The long anticipated RHI regulations are to come into effect on 20 September. The reforms were laid before parliament yesterday giving the minimum 20 day notice. This has the greatest impact for biomass boilers where the tariffs for small, medium and large biomass will all align to one new tariff. There will also be a change in the Tier 1 load factor which will increase from 15% to 35%, meaning that boilers can run for 3066 hours instead of 1314 hours before reaching the threshold.
The new load factor means that the impact of the lower tariff is not as great as it first appears, particularly for smaller and larger installations.
However, if you want the existing tariff and you have a small-medium biomass boiler project being built at this very moment your key deadline should be 19 September rather the end of the month. Heat pumps are largely unaffected by the new regulations.
Those who are expecting their installations to complete after 20 September should be mindful of the requirement to demonstrate that you have met planning regulations (or demonstrate that you do not require planning permission) for applications submitted after 20 September 2017.
The announcement from BEIS today is as follows:
Regulations were laid before Parliament on 30 August 2017 to bring forward the first part of the RHI reforms announced in December 2016. Included in these regulations are changes to tariffs and tiering arrangements for biomass installations in the Non-domestic RHI. Subject to parliamentary approval these tariffs and tiering arrangements will apply to all new biomass applications accredited from 20 September to 31 December 2017. There will be no degression applied on 1 October 2017. Applications for large biomass plants with a tariff start date from 14 December 2016 to 19 September 2017 will have their tariff changed to these new, tiered tariffs from 20 September. Small and medium biomass applications accredited during this period will stay on the previous tariffs and tiering arrangements. It has not been possible to include the announced changes to the biogas and biomethane tariffs in these regulations although these are intended to follow in further, affirmative regulations later in 2017; tariffs for these technologies will be held at the current level in the meantime. These regulations also introduce new expenditure thresholds for calculating degression and these will be included in graphs in the next monthly publication.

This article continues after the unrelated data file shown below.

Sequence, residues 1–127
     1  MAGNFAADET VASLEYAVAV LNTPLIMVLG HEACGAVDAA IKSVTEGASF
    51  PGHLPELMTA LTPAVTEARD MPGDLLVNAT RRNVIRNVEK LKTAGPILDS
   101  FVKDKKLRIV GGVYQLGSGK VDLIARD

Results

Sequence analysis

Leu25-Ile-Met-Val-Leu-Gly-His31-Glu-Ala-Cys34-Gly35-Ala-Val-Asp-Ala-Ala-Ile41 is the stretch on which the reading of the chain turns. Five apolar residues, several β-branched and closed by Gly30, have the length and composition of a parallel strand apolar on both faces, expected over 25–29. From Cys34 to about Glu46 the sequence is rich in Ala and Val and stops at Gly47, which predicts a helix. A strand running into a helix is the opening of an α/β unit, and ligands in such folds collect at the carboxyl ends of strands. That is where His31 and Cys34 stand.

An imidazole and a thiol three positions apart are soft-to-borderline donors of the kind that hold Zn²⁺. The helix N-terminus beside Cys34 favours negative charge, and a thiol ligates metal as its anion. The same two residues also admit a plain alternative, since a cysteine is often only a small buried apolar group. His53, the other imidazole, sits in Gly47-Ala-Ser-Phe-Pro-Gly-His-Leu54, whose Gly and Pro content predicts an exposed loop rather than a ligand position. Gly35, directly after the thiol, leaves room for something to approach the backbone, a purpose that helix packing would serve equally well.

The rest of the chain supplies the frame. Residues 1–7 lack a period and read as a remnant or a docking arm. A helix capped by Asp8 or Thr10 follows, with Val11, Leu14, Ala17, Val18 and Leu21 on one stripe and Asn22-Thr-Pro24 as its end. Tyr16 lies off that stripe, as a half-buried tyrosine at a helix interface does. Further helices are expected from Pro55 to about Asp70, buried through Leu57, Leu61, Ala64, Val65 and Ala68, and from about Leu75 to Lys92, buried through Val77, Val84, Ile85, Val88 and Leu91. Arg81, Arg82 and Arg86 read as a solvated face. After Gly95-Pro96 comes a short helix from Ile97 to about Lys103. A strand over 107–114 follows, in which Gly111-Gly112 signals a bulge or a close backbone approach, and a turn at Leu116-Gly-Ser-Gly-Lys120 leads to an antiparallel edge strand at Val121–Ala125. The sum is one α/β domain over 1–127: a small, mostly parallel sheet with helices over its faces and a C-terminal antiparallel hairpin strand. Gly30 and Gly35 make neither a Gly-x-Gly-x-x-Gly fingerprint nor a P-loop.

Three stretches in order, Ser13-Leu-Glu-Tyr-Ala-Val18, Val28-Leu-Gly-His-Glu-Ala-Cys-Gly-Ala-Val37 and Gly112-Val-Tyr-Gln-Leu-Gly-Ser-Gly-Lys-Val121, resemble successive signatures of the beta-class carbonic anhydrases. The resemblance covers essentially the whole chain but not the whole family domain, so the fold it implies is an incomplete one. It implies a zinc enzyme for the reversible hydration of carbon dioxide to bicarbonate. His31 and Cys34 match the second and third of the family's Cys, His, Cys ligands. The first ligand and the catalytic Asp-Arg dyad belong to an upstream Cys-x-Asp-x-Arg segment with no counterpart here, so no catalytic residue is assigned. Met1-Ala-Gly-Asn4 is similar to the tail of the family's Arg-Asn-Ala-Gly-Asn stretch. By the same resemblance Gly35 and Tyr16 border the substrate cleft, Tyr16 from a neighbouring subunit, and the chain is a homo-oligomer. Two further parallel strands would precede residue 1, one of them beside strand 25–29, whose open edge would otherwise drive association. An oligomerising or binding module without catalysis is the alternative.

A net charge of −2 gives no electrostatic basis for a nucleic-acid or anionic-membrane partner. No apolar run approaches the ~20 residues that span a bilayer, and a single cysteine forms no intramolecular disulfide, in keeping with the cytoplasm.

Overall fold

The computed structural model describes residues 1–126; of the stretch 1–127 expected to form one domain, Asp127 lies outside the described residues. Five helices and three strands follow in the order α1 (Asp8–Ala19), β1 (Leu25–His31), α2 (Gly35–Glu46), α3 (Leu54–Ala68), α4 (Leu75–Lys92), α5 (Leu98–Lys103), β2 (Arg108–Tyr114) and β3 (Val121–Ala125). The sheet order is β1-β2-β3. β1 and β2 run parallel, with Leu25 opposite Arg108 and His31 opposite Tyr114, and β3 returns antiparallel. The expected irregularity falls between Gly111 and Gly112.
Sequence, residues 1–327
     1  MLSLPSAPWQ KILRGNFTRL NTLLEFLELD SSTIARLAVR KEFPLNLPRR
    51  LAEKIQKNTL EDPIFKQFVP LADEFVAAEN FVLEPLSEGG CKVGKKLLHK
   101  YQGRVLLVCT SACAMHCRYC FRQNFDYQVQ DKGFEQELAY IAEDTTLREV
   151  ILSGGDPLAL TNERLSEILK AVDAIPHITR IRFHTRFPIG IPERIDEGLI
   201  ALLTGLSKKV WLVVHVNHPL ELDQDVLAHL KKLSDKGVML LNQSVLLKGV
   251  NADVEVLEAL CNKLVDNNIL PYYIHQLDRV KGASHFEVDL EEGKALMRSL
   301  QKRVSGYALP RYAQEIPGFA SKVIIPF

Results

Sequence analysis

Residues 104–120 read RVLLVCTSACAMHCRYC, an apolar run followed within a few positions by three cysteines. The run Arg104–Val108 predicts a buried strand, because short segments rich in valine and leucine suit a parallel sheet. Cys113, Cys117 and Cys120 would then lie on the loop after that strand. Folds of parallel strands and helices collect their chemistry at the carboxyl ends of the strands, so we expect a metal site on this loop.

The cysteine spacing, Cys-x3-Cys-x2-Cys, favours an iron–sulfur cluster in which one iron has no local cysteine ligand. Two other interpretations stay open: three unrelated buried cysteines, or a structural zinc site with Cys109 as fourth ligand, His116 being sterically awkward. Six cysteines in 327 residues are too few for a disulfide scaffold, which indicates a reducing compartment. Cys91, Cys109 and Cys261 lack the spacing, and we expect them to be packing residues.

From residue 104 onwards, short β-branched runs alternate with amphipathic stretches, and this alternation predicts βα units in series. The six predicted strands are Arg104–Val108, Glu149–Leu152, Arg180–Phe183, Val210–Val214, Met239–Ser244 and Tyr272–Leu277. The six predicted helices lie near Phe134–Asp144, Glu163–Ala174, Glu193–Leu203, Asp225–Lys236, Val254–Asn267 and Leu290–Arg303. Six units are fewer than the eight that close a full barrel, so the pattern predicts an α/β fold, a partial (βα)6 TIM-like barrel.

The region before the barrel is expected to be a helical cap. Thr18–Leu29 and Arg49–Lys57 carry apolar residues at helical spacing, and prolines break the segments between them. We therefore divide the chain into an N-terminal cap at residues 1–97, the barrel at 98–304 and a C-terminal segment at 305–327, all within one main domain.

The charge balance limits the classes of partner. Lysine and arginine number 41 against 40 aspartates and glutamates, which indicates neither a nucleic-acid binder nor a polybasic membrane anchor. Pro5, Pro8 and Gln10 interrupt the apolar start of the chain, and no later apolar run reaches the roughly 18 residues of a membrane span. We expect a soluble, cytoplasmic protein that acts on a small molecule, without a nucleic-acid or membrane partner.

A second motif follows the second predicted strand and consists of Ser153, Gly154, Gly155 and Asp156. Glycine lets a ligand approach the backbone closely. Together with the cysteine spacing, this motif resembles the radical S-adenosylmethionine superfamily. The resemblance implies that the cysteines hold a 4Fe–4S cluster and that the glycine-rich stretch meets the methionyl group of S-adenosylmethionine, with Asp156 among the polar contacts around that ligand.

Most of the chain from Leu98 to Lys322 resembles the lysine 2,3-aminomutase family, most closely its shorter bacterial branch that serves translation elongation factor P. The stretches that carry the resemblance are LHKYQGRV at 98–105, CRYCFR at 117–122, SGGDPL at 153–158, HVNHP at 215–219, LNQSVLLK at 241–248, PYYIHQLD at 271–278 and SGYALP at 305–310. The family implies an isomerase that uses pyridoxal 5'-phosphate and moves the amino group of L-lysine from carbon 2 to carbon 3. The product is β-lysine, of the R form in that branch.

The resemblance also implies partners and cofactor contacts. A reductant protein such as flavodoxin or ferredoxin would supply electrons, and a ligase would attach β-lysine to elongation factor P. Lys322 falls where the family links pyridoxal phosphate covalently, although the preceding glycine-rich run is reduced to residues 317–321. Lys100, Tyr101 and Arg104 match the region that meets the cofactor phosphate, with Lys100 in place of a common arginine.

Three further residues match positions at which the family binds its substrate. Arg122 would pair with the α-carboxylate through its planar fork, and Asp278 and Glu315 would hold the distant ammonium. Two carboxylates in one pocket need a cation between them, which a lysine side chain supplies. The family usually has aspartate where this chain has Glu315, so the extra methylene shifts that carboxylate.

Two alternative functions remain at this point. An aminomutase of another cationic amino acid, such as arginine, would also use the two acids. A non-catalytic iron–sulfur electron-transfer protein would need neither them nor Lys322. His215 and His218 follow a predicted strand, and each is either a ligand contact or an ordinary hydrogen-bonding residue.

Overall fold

For the full announcement see here: